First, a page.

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Photo courtesy of Queens Borough President's office
Photo courtesy of Queens Borough President's office

The memory of former Borough President Helen Marshall lives on in East Elmhurst as a street in her former neighborhood now bears her name.

On Dec. 10, more than 100 community members, state and federal elected officials braved the cold and unveiled a new street sign at the corner of 103rd Street and Northern Boulevard, now named “Helen M. Marshall Boulevard,” during a ceremony that honored all of Marshall’s achievements.

“I’ll always be grateful to Helen, whom I always considered a friend and a mentor. She was the first person to introduce me to politics when I was just 14 years old,” said Councilwoman Julissa Ferreras-Copeland, who organized the ceremony with Assemblyman Jeffrion Aubry and the Marshall family. “Now as I’m close to my retirement from politics, I’m very happy to be able to do this last act to honor Helen’s legacy. From now on, when someone walks by this street, they will remember Helen and the great work she did for our community.”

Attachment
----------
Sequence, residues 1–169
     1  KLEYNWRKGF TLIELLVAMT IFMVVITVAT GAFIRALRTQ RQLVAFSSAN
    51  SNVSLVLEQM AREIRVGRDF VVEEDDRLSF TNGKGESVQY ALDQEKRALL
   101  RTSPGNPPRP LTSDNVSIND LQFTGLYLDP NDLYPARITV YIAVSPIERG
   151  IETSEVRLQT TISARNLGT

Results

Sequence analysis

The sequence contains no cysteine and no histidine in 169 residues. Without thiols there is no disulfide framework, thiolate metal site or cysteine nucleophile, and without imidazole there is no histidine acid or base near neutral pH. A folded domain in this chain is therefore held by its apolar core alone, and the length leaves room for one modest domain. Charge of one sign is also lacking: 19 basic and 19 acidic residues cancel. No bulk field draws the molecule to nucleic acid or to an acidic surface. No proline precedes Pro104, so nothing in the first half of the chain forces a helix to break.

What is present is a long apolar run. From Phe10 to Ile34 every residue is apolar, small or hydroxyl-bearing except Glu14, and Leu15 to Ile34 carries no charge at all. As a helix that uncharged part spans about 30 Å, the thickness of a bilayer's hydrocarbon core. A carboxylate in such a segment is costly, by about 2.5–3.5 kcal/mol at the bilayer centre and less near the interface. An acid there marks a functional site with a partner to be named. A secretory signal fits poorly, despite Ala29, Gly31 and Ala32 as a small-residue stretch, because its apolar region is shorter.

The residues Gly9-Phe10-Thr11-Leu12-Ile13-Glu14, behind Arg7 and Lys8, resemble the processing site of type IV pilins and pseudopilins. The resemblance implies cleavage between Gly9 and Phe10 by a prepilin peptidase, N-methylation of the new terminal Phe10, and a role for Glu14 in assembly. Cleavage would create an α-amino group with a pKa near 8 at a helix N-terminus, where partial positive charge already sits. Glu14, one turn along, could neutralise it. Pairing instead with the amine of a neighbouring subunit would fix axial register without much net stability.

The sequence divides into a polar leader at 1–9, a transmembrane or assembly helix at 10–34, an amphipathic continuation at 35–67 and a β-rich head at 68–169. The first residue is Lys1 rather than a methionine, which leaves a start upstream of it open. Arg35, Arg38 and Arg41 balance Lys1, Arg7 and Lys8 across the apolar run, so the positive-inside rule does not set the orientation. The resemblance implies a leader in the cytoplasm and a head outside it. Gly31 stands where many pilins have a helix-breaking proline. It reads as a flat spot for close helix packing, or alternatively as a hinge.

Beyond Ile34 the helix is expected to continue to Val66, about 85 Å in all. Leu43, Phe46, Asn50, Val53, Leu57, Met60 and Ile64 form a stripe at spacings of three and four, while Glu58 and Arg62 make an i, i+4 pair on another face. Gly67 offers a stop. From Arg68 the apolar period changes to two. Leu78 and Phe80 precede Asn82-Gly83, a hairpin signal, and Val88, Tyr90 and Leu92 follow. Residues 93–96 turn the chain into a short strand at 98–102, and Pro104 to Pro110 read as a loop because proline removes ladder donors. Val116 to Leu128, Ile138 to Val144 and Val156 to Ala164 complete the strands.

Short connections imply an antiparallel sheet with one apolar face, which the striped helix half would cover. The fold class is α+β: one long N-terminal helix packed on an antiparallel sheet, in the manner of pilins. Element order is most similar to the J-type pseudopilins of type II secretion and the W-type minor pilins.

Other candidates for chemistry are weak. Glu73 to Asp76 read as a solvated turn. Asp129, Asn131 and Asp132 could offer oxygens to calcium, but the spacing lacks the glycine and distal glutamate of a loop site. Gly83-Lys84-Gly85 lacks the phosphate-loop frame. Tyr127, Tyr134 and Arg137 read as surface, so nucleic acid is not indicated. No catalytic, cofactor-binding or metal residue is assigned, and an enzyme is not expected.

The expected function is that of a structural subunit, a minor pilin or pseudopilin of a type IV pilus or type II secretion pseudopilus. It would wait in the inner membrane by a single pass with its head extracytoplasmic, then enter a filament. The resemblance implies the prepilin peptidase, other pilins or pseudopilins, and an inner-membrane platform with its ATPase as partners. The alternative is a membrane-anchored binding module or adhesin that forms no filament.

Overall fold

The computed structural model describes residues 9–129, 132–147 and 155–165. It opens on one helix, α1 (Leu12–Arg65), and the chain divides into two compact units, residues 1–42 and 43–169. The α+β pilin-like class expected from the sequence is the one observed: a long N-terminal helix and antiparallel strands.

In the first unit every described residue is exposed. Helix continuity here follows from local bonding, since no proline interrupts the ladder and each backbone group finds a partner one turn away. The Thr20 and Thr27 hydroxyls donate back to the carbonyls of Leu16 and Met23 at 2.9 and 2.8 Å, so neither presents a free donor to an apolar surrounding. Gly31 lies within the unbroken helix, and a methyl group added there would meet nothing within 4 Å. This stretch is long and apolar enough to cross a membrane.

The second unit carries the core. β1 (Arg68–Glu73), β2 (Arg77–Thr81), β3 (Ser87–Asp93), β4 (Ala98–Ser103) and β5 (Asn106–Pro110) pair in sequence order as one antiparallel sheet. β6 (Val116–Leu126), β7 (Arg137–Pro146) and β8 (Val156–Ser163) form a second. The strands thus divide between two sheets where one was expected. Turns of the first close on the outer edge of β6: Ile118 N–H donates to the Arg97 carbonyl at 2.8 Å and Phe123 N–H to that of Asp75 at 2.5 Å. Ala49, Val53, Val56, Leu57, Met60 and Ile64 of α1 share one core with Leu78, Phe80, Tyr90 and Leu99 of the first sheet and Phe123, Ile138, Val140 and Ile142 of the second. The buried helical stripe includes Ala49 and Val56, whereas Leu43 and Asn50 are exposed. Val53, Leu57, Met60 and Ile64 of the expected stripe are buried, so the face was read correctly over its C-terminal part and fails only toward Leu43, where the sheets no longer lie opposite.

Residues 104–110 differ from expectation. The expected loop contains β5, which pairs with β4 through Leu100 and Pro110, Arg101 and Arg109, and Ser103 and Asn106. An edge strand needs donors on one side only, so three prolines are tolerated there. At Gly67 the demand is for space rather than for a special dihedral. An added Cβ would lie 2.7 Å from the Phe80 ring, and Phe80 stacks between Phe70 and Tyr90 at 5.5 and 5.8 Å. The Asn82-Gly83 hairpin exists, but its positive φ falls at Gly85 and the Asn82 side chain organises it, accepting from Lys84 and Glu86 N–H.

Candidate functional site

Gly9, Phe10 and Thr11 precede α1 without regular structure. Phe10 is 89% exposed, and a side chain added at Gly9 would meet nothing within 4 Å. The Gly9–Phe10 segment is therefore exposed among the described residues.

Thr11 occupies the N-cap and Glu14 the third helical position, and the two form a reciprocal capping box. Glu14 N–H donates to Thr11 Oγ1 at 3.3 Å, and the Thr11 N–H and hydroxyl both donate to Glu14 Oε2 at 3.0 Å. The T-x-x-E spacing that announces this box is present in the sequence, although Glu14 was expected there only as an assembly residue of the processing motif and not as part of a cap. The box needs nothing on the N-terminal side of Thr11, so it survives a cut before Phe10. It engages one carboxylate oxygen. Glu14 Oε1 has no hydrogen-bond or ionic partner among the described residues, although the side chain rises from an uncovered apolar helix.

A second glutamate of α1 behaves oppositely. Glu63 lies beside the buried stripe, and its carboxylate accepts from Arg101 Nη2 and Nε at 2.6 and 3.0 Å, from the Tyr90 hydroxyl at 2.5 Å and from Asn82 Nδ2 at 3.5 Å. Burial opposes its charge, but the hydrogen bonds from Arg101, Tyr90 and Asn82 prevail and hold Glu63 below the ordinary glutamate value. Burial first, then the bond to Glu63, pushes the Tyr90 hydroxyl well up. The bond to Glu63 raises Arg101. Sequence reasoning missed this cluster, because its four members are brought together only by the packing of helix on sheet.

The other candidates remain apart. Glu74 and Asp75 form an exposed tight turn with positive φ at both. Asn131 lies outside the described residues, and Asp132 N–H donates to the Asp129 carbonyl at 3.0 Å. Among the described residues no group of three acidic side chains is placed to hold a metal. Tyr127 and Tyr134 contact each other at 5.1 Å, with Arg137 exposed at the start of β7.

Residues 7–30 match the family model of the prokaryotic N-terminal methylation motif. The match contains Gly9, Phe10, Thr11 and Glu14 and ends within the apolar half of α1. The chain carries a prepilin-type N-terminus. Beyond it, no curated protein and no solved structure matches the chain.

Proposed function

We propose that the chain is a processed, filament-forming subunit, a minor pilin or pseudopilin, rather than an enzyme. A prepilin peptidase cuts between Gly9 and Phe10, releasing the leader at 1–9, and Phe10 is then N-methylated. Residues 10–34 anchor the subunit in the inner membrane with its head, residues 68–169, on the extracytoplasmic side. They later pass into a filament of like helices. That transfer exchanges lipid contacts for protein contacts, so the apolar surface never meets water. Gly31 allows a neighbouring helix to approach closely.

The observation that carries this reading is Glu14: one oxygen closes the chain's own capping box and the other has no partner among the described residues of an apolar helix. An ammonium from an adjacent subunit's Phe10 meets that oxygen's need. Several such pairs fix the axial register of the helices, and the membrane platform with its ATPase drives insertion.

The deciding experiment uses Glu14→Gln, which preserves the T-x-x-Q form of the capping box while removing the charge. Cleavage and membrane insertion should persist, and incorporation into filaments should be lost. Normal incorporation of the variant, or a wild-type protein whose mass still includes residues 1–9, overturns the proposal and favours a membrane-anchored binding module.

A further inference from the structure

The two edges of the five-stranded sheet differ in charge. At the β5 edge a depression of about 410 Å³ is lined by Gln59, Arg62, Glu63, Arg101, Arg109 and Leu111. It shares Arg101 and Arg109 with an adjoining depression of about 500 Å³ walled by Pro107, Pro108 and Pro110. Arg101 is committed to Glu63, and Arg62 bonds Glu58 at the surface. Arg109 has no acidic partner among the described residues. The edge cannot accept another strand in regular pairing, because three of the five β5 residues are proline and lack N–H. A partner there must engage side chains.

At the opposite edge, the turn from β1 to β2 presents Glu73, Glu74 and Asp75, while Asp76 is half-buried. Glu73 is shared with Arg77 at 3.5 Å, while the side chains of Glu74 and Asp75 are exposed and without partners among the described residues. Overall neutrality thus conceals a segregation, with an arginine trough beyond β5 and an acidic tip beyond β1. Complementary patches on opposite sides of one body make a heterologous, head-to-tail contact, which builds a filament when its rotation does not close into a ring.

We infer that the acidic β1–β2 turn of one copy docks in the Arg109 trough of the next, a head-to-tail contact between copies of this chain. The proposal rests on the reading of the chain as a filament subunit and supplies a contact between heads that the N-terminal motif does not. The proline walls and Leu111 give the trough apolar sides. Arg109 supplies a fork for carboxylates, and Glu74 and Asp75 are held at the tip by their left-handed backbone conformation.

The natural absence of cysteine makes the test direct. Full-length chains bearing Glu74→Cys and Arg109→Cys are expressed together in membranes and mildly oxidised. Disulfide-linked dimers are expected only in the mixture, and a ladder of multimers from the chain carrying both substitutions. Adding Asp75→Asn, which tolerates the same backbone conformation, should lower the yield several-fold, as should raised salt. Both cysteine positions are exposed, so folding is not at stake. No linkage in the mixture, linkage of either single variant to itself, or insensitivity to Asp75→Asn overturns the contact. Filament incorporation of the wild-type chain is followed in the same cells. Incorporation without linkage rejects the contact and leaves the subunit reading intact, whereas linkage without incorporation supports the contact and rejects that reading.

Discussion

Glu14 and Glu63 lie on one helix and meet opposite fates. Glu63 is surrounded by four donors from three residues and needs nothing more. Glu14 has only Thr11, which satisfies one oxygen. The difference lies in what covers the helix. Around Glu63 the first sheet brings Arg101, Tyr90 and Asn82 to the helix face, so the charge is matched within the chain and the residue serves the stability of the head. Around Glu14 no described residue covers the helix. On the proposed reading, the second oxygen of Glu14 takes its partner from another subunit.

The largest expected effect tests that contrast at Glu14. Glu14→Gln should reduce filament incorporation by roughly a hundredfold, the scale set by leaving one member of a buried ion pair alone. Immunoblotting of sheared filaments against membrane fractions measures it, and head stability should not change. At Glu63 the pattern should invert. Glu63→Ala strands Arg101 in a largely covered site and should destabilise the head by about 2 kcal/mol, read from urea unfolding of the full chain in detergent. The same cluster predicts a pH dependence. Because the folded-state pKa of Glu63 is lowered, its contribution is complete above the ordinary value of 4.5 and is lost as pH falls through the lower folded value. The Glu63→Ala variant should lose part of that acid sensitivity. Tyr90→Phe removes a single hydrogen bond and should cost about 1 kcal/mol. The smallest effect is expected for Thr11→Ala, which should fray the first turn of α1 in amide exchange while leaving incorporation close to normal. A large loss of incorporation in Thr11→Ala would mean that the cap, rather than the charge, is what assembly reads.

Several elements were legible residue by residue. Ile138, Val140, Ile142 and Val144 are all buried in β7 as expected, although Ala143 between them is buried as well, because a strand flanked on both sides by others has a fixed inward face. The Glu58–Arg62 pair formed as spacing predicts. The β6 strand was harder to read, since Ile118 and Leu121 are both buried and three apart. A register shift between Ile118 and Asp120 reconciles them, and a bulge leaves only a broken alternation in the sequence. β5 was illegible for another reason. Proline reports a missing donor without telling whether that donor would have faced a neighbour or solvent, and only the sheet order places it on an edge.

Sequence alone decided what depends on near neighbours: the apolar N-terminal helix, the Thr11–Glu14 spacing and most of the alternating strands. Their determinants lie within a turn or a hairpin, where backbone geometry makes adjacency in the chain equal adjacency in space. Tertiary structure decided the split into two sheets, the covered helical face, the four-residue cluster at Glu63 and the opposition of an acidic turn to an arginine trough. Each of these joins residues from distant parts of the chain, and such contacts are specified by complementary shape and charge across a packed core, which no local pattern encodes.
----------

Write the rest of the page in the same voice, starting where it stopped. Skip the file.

File photo

File photo

Marshall, who died on March 4, made history by becoming the first African-American Queens borough president in 2002. Prior to this, Marshall served in the State Assembly for eight years and in the City Council for 10.

Born in the Bronx, Marshall graduated from CUNY Queens College and worked as an early childhood education teacher for eight years. In 1969, she left teaching to become one of the founders and the first director of the Langston Hughes Library & Cultural Center.

The original location of the center sits on the newly named Helen M. Marshall Boulevard.

Marshall was also active in Elmcor Youth & Adult Activities Inc. and the Queens County Economic Development Corporation.

“Helen Marshall was a larger-than-life figure in the civic life of Queens, the city and state of New York.  During her decades in public life, Mrs. Marshall fought tenaciously to improve our children’s schools, to address seemingly intractable quality-of-life issues and to secure a fair share of city resources for Queens,” said Queens Borough President Melinda Katz. “As the first African-American borough president of Queens and only the second woman to be elected to the position, Helen Marshall was a trailblazer who inspired many to pursue public service.”

It’s the second public tribute to Marshall’s legacy. Last year, an atrium at Queens Borough Hall was also renamed in her honor.

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